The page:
Texas housing sales remained unchanged in July but trended downward amid limited supply of homes across all price cohorts. Despite decreases in mortgage interest rates, double-digit home-price appreciation chipped away at housing affordability. Elevated levels of demand persisted as homes averaged less than a month on the market. On the supply side, single-family housing permits declined for the second consecutive month, and housing starts decelerated even as lumber prices plummeted due to other material inputs keeping construction costs high. The historically low level of inventory available for sale is the greatest challenge to Texas’ housing market. The state’s diverse and expanding economy, favorable business policies, and steady population growth, however, support a favorable outlook.
The Texas Residential Construction Cycle (Coincident) Index, which measures current construction activity, inched up amid increased construction values and wages while employment flattened in the industry. The Residential Construction Leading Index (RCLI), normalized as residential starts flattened and weighted building permits decreased; the ten-year real Treasury bill also decreased. Weighted building permits and residential starts increased in Houston and San Antonio; however, the leading index ticked down in the former due to an overall downward trend while the metric increased in the latter. Meanwhile Dallas-Fort Worth (DFW) and Austin indexes flattened as housing starts and building permits decreased in both metros.
Single-family construction permits declined for the second consecutive month in July, dropping 11 percent. Nevertheless, issuance exceeded its 2006 average and elevated 31.9 percent on a year-to-date (YTD) basis. Houston continued to lead the nation with 4,259 nonseasonally adjusted permits, followed by Dallas-Fort Worth at 4,174. Issuance in Austin decreased to 1,966 permits but remained well above pre-Great Recession levels. San Antonio’s metric remained unchanged, reporting 1,267 permits as the overall trend normalized over the past five months. Similar to single-family permits at the statewide level, monthly permits issued for multifamily properties sank 10.1 percent; year-over-year comparisons, however, were largely positive.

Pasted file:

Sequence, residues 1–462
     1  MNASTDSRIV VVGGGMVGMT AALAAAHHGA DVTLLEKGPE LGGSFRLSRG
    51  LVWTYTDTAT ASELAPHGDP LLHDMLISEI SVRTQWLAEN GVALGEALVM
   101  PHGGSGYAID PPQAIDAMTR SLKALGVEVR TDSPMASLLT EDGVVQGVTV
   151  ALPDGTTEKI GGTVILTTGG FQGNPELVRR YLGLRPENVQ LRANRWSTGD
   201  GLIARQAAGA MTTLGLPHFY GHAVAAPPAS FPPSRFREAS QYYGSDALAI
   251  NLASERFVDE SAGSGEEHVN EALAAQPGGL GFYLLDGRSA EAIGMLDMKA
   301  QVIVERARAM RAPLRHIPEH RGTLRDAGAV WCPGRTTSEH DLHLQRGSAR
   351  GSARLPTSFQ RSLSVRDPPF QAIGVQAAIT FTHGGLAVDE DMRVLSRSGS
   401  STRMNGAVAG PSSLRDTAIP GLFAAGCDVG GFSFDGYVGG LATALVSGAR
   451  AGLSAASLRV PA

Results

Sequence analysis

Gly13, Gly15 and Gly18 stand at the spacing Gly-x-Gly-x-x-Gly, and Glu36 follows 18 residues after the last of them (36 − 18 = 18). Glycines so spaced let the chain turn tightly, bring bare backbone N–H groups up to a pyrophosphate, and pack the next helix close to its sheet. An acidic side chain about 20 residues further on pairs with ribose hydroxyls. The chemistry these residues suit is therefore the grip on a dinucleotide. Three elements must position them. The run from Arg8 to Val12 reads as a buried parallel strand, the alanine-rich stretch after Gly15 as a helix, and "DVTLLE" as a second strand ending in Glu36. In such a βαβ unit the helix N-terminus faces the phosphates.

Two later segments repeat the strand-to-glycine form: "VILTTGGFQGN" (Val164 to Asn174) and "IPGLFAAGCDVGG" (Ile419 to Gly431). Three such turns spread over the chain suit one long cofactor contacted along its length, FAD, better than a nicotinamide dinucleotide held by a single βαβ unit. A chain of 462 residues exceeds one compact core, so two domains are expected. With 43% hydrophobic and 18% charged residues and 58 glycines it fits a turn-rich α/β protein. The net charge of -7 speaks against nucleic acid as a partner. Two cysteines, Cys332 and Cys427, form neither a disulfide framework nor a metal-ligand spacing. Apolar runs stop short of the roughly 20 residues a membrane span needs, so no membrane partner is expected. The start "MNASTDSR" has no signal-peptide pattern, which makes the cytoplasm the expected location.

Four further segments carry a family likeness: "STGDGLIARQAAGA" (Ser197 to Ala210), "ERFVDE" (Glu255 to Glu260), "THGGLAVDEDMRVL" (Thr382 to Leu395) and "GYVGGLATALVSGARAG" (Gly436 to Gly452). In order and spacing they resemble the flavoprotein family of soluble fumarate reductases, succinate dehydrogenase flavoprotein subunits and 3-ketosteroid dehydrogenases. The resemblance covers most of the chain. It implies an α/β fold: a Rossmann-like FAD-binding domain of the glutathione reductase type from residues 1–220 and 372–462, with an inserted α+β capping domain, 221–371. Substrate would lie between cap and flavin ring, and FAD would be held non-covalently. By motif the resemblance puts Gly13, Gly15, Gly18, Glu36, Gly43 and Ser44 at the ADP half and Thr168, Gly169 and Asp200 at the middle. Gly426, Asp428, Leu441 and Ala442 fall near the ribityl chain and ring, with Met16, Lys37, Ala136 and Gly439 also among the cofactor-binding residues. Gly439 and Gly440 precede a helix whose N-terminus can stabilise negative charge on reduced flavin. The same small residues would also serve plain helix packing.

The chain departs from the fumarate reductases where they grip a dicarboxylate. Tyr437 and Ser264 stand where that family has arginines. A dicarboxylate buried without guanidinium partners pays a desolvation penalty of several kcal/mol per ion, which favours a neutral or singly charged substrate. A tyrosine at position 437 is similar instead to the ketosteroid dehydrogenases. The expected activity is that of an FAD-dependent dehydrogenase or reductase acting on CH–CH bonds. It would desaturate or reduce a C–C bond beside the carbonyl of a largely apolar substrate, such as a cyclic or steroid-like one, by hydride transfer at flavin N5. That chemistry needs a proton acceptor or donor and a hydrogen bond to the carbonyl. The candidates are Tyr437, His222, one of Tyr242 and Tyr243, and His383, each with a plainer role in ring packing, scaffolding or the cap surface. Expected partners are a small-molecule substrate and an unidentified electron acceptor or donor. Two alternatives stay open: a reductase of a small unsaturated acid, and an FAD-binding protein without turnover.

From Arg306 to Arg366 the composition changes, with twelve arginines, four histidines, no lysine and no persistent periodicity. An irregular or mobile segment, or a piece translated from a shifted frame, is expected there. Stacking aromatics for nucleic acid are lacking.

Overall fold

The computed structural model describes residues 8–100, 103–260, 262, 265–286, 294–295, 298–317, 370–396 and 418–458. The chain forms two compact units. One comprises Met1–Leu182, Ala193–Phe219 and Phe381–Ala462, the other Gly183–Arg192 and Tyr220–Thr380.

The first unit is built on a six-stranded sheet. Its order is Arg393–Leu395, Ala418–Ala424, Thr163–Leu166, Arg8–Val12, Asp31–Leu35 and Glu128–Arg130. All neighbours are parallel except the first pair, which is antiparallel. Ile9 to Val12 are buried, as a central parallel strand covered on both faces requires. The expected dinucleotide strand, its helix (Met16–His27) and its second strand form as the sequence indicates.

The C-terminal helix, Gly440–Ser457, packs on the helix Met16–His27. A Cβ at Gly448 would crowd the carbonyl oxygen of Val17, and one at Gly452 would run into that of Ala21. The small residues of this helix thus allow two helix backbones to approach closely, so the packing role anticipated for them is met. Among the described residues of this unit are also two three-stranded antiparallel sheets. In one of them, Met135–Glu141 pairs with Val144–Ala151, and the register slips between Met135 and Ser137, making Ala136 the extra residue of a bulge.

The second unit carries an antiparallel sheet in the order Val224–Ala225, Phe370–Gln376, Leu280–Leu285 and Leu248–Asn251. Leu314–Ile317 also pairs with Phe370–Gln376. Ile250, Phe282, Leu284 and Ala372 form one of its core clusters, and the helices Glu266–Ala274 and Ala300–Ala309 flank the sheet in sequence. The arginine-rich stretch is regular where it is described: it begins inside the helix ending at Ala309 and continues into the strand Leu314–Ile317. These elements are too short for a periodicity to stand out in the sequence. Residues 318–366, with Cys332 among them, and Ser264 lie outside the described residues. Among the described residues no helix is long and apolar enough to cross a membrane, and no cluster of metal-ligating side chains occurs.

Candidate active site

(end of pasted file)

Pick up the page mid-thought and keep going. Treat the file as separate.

Material inputs remain costly due to supply-chain issues, but lumber prices fell 93.6 percent in July. Consequently, total Texas housing starts decelerated 2.2 percent. Single-family private construction values decreased for the second straight month, declining 8 percent in real terms. Monthly fluctuations in Dallas and San Antonio reflected broader movements in the statewide metric, while Austin and Houston values normalized from record activity.
Housing supply remained at relatively low levels statewide, despite rising for two consecutive months as Texas’ months of inventory (MOI) increased to 1.5 months. Similarly, the MOI for homes priced less than $300,000 trended positively, increasing to 1.1 months. The two-month increase in inventory held across all price cohorts, rising from a trough in May. The MOI for luxury homes (homes priced more than $500,000) grew to 2.4 months but remained down 51 percent from 4.9 months a year ago. A total MOI of around six months is considered a balanced housing market.
The MOI accelerated across the major metros, rebounding after a year-long decline. Houston’s MOI grew to 1.7 months. Dallas and Fort Worth increased supply to 1.2 months, and the MOI expanded in San Antonio and Austin to 1.6 and 0.8 months, respectively.